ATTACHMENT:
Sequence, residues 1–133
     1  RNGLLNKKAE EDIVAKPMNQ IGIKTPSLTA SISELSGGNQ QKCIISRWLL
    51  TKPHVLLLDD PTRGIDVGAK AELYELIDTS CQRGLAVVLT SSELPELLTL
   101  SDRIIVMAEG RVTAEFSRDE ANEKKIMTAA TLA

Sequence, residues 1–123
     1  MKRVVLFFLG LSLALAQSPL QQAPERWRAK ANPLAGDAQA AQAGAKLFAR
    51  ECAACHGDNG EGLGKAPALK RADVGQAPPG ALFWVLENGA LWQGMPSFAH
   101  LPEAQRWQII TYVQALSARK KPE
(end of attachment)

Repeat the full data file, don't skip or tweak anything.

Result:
Sequence, residues 1–133
     1  RNGLLNKKAE EDIVAKPMNQ IGIKTPSLTA SISELSGGNQ QKCIISRWLL
    51  TKPHVLLLDD PTRGIDVGAK AELYELIDTS CQRGLAVVLT SSELPELLTL
   101  SDRIIVMAEG RVTAEFSRDE ANEKKIMTAA TLA

Sequence, residues 1–123
     1  MKRVVLFFLG LSLALAQSPL QQAPERWRAK ANPLAGDAQA AQAGAKLFAR
    51  ECAACHGDNG EGLGKAPALK RADVGQAPPG ALFWVLENGA LWQGMPSFAH
   101  LPEAQRWQII TYVQALSARK KPE